Like the ousted Sessions and the fired Secretary of State Rex Tillerson, Mattis may not have sucked up sufficiently to Trump. While Mattis has denied a report that he’s compared Trump to an elementary school student, he notably was the only senior official who did not obsequiously praise the Commander-in-Chief in an early televised cabinet meeting.

More importantly, Mattis has slow-walked Trump orders on matters from the dead serious (a reported command to assassinate Syrian president Bashar al-Assad) to the ridiculous (an expensive military parade) to the bigoted (an unlawful ban on transgender troops). He blocked a White House order to withdraw dependents of U.S. troops in South Korea, concerned about the aggressive message such a move would send to Kim Jong Un. And he has restrained Trump’s impulse to torture terrorism suspects.

But more recently Trump has become more assertive in making decisions Mattis seems unlikely to have favored. Trump’s demand to send thousands of troops to the Mexican border to confront a ragtag caravan of migrants, and his surprise unilateral announcement of a new military branch, Space Force, suggests the kinds of freelancing he might pursue in the absence of adult supervision — wasting money, undermining alliances, putting our troops in peril, and risking catastrophic war.

Trump’s decision over this Veterans Day weekend to skip a ceremony in France honoring Americans who died in World War I — because it was raining — shows his lazy, ugly contempt.

Trump replaced Tillerson and former national security advisor H.R. McMaster with, respectively, Mike Pompeo and John Bolton, men more inclined to flatter and indulge him. Pompeo said in January, prior to succeeding Tillerson: “I have seen 25-year intelligence professional receive briefings. I would tell you that President Trump is the kind of recipient of our information at the same level that they are”; Trump “has the grounding for him to be able to grasp this information in a way that he can ask sophisticated questions that then lead to important policy discussions.” Bolton, as a Fox News commentator before joining the Trump White House, said of a Trump address at the UN, “in the entire history of the United Nations, there has never been a more straightforward criticism of the unacceptable behavior of other member states.”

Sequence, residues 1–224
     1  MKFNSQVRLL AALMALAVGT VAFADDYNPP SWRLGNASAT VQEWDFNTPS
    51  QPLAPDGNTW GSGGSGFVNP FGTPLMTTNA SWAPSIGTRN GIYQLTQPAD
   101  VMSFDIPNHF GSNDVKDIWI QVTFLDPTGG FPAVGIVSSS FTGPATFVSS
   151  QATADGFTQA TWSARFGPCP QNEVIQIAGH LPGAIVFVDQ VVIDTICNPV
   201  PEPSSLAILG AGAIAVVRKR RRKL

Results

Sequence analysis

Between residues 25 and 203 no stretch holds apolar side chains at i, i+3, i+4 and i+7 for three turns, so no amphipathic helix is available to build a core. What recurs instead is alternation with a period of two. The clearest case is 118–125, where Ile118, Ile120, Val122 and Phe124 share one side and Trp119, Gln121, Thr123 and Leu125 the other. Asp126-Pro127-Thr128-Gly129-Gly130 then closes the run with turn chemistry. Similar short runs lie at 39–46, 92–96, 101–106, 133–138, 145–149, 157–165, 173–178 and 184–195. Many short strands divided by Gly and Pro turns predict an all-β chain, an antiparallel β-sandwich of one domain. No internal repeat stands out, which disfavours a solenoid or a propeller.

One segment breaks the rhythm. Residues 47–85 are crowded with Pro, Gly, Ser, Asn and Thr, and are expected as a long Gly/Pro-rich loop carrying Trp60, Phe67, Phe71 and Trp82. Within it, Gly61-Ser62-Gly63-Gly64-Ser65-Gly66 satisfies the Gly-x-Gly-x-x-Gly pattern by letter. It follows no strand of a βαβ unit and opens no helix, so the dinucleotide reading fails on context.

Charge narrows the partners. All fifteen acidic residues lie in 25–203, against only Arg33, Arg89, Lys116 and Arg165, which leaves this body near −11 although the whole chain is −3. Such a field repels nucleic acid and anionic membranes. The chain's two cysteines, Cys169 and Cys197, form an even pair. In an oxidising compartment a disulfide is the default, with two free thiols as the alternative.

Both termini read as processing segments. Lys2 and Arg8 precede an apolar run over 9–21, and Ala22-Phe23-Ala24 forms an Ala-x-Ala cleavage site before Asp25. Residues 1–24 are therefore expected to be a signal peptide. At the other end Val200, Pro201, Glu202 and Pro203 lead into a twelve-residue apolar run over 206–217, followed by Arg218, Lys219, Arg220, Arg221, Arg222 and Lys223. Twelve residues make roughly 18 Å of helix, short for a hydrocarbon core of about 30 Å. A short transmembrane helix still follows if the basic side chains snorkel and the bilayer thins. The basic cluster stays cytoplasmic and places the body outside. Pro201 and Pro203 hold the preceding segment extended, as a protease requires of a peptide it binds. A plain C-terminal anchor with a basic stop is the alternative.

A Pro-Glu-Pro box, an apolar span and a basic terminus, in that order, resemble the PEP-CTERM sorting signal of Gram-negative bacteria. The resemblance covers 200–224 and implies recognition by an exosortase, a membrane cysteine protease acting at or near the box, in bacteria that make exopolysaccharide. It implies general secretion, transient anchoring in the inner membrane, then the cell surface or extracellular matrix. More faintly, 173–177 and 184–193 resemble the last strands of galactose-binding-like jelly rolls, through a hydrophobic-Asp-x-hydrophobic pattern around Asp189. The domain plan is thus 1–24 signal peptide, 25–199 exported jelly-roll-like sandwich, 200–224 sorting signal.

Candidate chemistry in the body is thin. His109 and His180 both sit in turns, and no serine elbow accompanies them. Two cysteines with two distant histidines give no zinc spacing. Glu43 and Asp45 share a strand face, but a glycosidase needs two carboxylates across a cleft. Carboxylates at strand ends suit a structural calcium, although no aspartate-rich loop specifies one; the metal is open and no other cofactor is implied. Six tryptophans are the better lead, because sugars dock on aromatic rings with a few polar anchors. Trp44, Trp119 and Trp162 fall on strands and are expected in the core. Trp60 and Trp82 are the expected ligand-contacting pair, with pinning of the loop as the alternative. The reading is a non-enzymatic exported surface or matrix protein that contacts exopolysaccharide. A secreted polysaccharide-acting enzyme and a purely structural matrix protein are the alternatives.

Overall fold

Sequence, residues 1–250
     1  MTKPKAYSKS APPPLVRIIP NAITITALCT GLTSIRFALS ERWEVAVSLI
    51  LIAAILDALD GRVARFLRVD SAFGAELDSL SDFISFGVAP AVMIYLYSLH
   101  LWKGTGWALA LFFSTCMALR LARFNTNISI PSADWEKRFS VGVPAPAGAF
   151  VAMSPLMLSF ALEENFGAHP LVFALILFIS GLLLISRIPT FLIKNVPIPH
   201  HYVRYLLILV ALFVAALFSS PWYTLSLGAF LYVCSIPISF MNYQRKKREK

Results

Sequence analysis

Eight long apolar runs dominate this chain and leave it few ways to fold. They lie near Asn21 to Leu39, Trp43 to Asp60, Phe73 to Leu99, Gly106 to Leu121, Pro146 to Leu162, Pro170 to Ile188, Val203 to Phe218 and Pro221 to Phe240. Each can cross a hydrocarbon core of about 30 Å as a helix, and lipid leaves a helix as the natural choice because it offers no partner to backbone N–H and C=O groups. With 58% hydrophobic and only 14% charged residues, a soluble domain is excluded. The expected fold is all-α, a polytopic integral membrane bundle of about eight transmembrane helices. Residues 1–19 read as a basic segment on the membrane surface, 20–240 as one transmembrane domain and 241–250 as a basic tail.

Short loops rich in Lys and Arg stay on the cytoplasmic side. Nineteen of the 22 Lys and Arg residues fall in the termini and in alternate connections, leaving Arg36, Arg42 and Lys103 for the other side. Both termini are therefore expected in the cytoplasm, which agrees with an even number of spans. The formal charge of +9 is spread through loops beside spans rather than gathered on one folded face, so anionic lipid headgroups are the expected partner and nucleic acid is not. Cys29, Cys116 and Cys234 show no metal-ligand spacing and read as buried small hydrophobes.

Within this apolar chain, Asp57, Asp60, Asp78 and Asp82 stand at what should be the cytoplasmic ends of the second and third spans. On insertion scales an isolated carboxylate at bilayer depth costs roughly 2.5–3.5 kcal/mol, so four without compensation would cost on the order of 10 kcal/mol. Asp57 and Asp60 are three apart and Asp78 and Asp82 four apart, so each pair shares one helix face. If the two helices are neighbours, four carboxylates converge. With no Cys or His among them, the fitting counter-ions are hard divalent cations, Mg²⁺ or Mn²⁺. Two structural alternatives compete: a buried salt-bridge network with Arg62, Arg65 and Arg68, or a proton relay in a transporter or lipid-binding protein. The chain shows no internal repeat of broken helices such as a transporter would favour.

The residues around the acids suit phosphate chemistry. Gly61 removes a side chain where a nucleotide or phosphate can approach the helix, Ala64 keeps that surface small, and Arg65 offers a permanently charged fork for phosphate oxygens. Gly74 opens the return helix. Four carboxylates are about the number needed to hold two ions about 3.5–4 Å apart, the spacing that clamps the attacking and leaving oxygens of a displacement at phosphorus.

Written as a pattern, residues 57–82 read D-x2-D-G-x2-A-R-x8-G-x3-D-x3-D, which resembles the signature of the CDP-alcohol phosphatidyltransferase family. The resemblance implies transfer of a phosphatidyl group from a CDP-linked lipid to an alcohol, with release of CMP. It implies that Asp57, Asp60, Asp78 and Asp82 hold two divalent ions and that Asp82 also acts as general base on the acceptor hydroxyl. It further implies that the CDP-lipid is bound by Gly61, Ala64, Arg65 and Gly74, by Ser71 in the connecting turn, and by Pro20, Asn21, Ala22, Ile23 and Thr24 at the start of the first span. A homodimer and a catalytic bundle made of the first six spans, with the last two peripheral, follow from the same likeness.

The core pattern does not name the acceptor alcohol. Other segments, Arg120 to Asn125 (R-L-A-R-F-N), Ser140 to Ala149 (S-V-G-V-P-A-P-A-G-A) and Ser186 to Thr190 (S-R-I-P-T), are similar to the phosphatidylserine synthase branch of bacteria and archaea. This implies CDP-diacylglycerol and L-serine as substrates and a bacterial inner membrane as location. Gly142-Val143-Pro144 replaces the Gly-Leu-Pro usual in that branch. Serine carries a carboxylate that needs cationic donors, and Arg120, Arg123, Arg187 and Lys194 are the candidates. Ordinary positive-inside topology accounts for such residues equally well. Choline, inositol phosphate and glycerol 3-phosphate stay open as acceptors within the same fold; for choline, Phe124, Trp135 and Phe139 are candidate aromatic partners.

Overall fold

Strong, independent voices have all but vanished from Trump’s senior national security team. His reported top choice to replace Nikki Haley at the UN is the former “Fox & Friends” host (and current State Department spokesperson) Heather Nauert.

If Mattis were to leave and be replaced by another sycophant, there might be little standing between Trump and his wildest national security whims, on matters from Europe to the Middle East to Russia, China to North Korea, human rights to nuclear weapons.

And frankly, an independent, Mattis-run Defense Department may prove valuable if Trump loses the 2020 election but insists the vote was rigged and refuses to leave.

The Senate will remain in Republican hands by a narrow margin. GOP senators did little to stand up to Trump’s excesses in the last Congress, but there were, perhaps, some limits. After his vengeful firing of James Comey, aimed at curbing the Russia probe, Trump nominated a law enforcement professional, Christopher Wray, rather than a political crony, to run the FBI. But whether the new Senate would demand similar integrity and independence for Sessions’s permanent replacement, or for a successor to Mattis, remains to be seen.

For the sake of our national security, let’s hope Mattis finds a way to stay in the job.

David Halperin, a lawyer, previously served on staffs of the National Security Council and the Senate Intelligence Committee.